Has he shown any ability to work Washington the way it needs to be worked to make progress?

ABBY PHILLIP, CNN POLITICAL ANALYST: No. I mean, really not at all. One of the interesting things is just the resistance to understanding how Washington works, and how deals get made here and you know, David really pointed out something that I think is probably going to be the dominant force as we go into this week and the following week, the relationship or lack thereof between Donald Trump and Mitch McConnell is a really, really big deal. Between of two of them Mitch McConnell is the person who knows how to make legislation happen in Washington, and trust -- Trump does not trust him, at least not yet.

So, if they're going to get anything done they have to repair that first and foremost. They have to get on the same page about what they want to get done. They have to decide what the framework is going to look like for tax reform, what are we going to bundle together, are we going to bundle the border wall, and the DREAMers. Are we going to bundle the hurricane funding to funding of the government?

These are really important decisions about strategy and tactics that need to be made between the leaders of both chambers in Congress and the president. And Trump is the one who has to come to the table here. The breakdown in that relationship is in part because of his frustration with Mitch McConnell maybe not getting health care done. But at some point, they have to put that stuff aside if they want to make progress on things that absolutely have to get done before the end of this year.

CAMEROTA: Go ahead, John.

JOHN AVLON, CNN POLITICAL ANALYST: Look, they're in a marriage of convenience. But there's no trust. There's bad blood. And the president keeps adding to it. Look --

CAMEROTA: But hold on, we're going to see it at 4:00 p.m. today. They're going to have --

AVLON: Yes, they're going to have their --

CAMEROTA: So, the president is meeting with Speaker Ryan and Mitch McConnell, among others. So, it's going to be full display today, whatever their --


AVLON: And, look, their game faces will be on presumably. The Democrats and Republicans coming in, and it's a glimmer of what might have been if the president really had pursued the art of the deal and for example led with infrastructure, had tried to forge bipartisan coalitions but he hasn't. He's instead played to his base and attacked his own party in Congress and the to do-list is serious.

And necessarily, the most urgent things are going to dominate, Harvey funding, trying to avoid a government shutdown with unified Republican control of Washington, something that's surreal, and something that the markets are depending upon which is tax reform. That seems highly theoretical as well as extremely difficult in face of the non-optional things they need to face first.

BERMAN: They have no ambassador to South Korea, which is important right now given what's happening over there, and one word we didn't mention looking at the list what have Congress is doing this fall is Russia. You know, a lot of folks in Congress are concentrating on Russia right now in these investigations and these committees, the intelligence committees in both chambers have a lot of work to do this fall.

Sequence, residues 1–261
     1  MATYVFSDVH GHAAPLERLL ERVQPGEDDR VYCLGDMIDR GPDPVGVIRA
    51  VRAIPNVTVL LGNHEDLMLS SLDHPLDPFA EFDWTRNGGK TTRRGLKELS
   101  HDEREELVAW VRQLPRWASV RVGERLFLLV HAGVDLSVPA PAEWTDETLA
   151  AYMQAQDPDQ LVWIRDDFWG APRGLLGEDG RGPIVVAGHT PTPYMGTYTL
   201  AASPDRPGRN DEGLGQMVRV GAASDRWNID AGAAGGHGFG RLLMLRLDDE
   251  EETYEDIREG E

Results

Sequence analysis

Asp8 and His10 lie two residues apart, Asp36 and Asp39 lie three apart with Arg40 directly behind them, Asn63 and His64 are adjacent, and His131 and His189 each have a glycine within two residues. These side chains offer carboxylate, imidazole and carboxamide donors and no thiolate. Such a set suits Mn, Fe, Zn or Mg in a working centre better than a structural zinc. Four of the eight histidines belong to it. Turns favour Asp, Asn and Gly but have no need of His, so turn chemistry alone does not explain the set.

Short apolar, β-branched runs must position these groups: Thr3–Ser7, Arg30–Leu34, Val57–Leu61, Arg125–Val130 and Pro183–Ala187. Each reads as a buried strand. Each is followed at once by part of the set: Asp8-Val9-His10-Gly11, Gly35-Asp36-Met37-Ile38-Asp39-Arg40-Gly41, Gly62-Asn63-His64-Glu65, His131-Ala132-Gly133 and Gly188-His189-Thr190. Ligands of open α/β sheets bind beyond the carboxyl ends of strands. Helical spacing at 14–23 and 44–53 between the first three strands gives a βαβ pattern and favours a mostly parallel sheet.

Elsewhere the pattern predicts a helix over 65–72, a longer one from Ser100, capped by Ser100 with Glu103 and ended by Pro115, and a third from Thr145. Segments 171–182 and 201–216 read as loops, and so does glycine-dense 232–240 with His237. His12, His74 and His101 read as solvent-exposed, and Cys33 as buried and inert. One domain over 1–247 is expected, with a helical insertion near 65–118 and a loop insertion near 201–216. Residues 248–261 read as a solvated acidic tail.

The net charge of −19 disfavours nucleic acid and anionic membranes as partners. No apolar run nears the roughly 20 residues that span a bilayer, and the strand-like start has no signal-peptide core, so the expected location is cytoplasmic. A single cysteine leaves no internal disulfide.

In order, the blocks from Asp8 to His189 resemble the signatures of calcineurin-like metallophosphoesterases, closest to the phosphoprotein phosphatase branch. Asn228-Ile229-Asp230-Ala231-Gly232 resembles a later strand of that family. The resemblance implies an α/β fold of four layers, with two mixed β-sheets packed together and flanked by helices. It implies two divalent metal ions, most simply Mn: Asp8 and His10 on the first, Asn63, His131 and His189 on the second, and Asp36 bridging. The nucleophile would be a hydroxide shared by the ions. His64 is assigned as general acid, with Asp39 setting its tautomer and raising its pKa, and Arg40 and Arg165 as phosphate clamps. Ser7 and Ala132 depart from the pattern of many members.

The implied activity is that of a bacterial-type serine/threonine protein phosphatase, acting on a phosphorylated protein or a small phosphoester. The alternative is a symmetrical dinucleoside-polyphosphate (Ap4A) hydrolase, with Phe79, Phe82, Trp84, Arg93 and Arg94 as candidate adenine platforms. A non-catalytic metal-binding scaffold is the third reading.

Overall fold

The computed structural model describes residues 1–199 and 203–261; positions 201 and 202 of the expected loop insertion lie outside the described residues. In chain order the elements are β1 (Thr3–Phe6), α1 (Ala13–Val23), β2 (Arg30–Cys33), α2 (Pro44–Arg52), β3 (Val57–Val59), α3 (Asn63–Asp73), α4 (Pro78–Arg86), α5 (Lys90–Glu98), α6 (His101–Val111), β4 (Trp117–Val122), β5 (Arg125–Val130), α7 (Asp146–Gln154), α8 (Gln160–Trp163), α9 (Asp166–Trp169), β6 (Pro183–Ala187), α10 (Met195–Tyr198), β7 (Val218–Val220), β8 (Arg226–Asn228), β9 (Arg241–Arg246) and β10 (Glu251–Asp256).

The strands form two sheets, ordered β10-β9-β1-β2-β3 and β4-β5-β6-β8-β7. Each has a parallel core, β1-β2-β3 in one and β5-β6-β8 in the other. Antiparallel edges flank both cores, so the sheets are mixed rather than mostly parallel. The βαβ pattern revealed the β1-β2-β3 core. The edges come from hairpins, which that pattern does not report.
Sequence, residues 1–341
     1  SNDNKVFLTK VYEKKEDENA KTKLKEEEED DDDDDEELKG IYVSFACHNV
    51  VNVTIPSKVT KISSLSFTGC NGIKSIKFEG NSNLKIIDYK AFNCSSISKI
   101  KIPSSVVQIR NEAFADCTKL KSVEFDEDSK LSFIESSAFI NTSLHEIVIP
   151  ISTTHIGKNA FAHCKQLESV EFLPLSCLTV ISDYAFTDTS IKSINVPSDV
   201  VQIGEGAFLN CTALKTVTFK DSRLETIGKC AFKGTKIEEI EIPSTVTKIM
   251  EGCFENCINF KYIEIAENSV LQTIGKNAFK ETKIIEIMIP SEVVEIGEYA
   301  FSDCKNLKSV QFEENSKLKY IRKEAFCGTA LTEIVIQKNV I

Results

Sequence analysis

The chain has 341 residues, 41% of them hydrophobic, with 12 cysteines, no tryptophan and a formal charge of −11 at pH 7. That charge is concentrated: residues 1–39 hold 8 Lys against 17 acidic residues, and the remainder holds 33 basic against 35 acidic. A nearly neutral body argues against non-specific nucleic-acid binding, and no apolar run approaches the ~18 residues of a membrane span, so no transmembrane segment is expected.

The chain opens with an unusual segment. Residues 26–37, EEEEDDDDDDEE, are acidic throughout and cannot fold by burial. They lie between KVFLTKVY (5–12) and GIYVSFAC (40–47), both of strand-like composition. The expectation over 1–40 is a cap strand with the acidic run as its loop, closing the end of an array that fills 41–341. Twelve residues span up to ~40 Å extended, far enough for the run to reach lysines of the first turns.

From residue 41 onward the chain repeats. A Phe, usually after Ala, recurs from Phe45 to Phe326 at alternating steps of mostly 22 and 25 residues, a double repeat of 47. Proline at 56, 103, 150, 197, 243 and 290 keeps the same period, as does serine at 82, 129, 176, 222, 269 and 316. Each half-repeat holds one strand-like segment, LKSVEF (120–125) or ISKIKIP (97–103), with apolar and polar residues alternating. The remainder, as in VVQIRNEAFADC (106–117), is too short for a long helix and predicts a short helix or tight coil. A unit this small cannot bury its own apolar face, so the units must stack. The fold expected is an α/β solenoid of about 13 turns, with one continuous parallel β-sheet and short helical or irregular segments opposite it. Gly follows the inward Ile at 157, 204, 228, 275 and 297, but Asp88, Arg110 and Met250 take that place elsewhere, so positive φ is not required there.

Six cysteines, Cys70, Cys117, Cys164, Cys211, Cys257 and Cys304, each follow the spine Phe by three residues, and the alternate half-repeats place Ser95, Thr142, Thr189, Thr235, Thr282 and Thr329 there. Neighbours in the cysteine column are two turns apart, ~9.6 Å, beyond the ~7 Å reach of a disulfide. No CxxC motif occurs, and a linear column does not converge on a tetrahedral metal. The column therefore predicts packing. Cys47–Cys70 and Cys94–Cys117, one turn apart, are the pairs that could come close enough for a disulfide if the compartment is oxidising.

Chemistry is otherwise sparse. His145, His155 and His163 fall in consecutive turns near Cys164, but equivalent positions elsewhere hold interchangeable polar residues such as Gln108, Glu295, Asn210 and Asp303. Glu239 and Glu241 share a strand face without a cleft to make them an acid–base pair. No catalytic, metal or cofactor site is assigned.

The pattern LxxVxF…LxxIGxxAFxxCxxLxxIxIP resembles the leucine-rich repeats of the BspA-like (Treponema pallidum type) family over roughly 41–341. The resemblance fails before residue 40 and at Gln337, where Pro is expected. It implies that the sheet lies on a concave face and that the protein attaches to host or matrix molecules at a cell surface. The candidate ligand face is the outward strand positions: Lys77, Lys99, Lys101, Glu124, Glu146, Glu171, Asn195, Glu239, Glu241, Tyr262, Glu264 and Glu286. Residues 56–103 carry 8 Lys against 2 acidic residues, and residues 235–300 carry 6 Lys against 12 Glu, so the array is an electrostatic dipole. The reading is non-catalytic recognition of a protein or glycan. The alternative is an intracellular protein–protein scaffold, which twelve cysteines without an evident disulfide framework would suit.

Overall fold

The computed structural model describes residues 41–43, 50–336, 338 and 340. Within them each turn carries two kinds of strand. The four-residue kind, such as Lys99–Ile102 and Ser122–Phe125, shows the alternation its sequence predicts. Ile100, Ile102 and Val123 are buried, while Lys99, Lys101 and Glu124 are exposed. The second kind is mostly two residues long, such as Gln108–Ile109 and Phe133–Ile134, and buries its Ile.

DRUCKER: Yes, they do and the Senate is going to have nominations to process. So, there is just a lot on congress's plate here, and they're dealing with a party leader in the president that as Abby mentioned number one has not figured out how to work a deal in Washington. It's not like working a deal in business. Everything is interconnected. It's not totally rational.

And on top of that, he keeps treating the Republicans his party as though he's not really of them. And if he's not really invested with them, it makes it hard for them, they're always looking over their shoulders at the next election rightly or wrongly. They're on the ballot in 2018, he isn't, and it makes it hard to take a lot of these tough votes if he doesn't feel like he's invested with them, and I think that's part of the problem and if the president wants better results, he is going to need to change how he relates to his allies on the Hill.

BERMAN: Off to the races today.

CAMEROTA: He'll have the opportunity in a few hours. Panel, thank you very much. BERMAN: All right. President Trump is expected to announce he's

ending protection for DREAMers, but one Republican lawmaker says he has a plan to keep young undocumented immigrants from being deported. He joins us next to explain.


[06:49:11] CAMEROTA: The Trump administration is expected to announce today that it will end the Obama era program that protects DREAMers from being deported. But the president is punting to Congress for a legislative fix.

Joining us now is Republican Congressman Carlos Curbelo of Florida. He introduced legislation in March to protect DREAMers.

Congressman, thanks so much for being here.

So, you're trying to stop the end of DACA or the DREAMer protection program. Why do you feel so strongly about this issue?

REP. CARLOS CURBELO (R), FLORIDA: Alisyn, these young people are America's children, which is why the legislation that I have introduced is called Recognizing America's Children. These are young people who went to school with our own children, they are working in this country, they're contributing to this country, they speak English.

This is the only country that many of them remember. So, we should afford them as long as they're willing to be productive members of society, which most of them are, we should afford them the opportunity to be fully recognized as Americans, and to gain legal status in this country.

[06:50:12] That is why Republicans and Democrats in the House and in the Senate are coming together in favor of a permanent solution for these young people, which we know as DREAMers.